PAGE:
2 of 5 people found the following review helpful
Classic camera, though there are problems in design and layout,
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This review is from: Fujifilm X20 Digital Camera - Black (12MP X-Trans CMOS II With EXR Processor II, 4x Optical Zoom) 2.8 inch Premium LCD (Electronics)
This is a classically designed camera. It feels good in the hand with it's at least partly metal body. I was torn between this and the cheaper Panasonic Lumix LX7. Both are good cameras. The X20 is easy enough to use, with full auto settings but also aperture and shutter priority modes, manual, and programme. Even novices will be able to use this camera, advancing to the independent controls as their confidence and knowledge increases. It is quite a good camera to learn about photography with. I like the manual zoom ring which also acts as the on/off switch, and the dials are fine in use and don't move until you turn them. The LCD screen is bright and clear. The optical viewfinder is a nice addition, offering around 85% of the real view. If you are trying to decide between this and the LX7, then I can offer a few pointers. This camera is all inclusive. You won't need to/be able to buy an accessory electronic viewfinder, whereas the LX7 has no optical viewfinder included - it is an additional expense to buy either an optical or EVF which attaches to the hotshoe. The X20 does not have an ND (neutral density) filter included, whereas the LX7 does. This is useful if you wish, for example, to do slow shutter speed creative shots during the day, e.g. moving water. Both produce good quality j-pegs and RAW files which can easily be post-processed in Photoshop Lightroom for example, although I have found the LX7 RAW files are much more responsive and easy to work with in Lightroom. The LX7 is cheaper, which is a big plus. If you want to put a protective filter and lens-hood on the X20, you can buy an accessory kit from Fuji which costs about fifty-five pounds at the time of writing. Or you can simply buy the excellent Marumi 40mm UV Haze Filter and use that instead. No need for any filter adaptors, this filter screws right in to the lens filter thread. For the LX7, it's a filter adaptor kit and filter you need which will cost around thirty pounds in all.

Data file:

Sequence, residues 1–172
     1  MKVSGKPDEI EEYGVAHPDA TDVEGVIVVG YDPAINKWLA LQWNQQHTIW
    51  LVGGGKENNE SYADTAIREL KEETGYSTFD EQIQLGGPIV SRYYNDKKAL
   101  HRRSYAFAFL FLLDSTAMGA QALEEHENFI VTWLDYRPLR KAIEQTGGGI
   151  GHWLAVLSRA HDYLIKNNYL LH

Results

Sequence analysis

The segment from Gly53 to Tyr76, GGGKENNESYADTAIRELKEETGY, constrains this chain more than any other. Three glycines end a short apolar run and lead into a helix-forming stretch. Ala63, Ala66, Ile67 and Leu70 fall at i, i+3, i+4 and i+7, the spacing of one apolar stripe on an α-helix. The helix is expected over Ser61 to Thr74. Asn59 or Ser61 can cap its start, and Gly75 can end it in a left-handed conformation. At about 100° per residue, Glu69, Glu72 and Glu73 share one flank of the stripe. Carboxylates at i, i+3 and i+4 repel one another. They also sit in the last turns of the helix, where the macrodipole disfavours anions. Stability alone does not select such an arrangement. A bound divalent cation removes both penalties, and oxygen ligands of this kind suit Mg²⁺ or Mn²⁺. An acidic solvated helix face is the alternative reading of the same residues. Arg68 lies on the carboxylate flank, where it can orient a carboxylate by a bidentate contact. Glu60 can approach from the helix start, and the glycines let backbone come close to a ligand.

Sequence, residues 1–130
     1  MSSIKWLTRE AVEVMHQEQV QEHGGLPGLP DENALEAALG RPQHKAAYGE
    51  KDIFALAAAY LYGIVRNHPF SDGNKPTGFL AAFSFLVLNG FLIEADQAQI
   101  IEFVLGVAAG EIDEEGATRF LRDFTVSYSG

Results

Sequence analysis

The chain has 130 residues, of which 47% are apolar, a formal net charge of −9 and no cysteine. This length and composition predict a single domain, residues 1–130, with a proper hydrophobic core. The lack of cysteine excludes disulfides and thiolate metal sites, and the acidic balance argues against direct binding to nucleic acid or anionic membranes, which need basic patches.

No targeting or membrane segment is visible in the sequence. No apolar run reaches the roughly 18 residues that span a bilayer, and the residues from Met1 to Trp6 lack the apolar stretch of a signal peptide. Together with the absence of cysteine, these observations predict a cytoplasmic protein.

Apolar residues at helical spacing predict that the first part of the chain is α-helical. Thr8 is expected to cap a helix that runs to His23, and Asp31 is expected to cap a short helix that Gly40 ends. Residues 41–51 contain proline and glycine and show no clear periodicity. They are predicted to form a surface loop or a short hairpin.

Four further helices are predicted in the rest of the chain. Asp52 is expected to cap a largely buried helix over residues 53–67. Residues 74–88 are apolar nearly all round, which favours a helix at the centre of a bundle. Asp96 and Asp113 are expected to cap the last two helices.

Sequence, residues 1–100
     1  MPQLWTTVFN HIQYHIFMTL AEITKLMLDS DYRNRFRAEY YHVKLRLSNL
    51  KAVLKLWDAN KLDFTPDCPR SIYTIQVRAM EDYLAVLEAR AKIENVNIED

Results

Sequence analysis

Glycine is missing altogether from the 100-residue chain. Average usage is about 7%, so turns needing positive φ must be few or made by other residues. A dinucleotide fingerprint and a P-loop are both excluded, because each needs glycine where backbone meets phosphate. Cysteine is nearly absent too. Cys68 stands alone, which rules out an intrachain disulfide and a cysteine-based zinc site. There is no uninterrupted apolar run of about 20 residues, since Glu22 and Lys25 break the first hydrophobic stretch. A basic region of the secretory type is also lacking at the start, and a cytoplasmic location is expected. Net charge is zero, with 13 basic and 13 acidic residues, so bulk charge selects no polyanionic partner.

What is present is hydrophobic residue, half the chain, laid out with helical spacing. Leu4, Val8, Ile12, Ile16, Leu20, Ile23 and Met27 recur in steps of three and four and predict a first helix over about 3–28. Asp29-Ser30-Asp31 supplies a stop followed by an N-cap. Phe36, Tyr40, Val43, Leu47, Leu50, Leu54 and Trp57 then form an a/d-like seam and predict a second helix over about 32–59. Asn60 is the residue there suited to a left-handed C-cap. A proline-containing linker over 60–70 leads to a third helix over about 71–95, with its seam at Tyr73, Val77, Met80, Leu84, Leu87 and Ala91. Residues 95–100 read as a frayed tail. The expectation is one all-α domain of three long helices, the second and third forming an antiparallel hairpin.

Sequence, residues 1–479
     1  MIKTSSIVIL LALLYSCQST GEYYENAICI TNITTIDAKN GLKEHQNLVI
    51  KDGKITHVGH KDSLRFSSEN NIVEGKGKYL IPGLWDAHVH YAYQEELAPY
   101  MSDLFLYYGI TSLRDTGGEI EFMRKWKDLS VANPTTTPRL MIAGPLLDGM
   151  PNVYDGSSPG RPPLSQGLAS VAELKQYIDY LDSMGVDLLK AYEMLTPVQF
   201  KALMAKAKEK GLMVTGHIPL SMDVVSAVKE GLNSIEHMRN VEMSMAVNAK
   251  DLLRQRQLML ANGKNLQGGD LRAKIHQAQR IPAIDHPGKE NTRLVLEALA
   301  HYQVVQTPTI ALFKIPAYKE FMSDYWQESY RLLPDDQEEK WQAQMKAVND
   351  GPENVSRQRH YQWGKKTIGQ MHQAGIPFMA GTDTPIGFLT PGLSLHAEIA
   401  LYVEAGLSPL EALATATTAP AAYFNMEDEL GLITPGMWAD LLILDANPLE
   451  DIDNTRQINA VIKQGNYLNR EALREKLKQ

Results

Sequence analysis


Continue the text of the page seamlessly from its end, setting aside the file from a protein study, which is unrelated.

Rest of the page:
The colours of the X20 are ok. Nothing to write home about and certainly I wouldn't rave about the 'Fuji colours' as certain online reviewers have. To be honest, this was a disappointment to me as the film simulation modes were a real let down.
I can't make the decision for you; both are cameras which you should consider. The Fuji lens is manual so you don't have the irritation of it motoring in and out as you do on the LX7, and it feels more durable, whereas with the LX7 I get the feeling that the lens assembly when in the ON position is rather delicate and vulnerable. Yet it is annoying in its own right. I sometimes have to think how to turn the thing on as there is no on/off button.
My advice, if you are considering both models, go for the Lumix. If, like me, you are wondering about the X20, take it from me - I tried both and much, much prefer the Lumix.
A good case for the Fuji X20 is the Lowepro Apex 100 AW Shoulder Bag for Digital Cameras/Camcorders - Black. If you don't want to use the supplied Fuji strap, then the Artisan and Artist ACAM 102 Strap for Camera - Black is very nice, although it is a bit of a pain to fit and a nightmare to remove from the camera.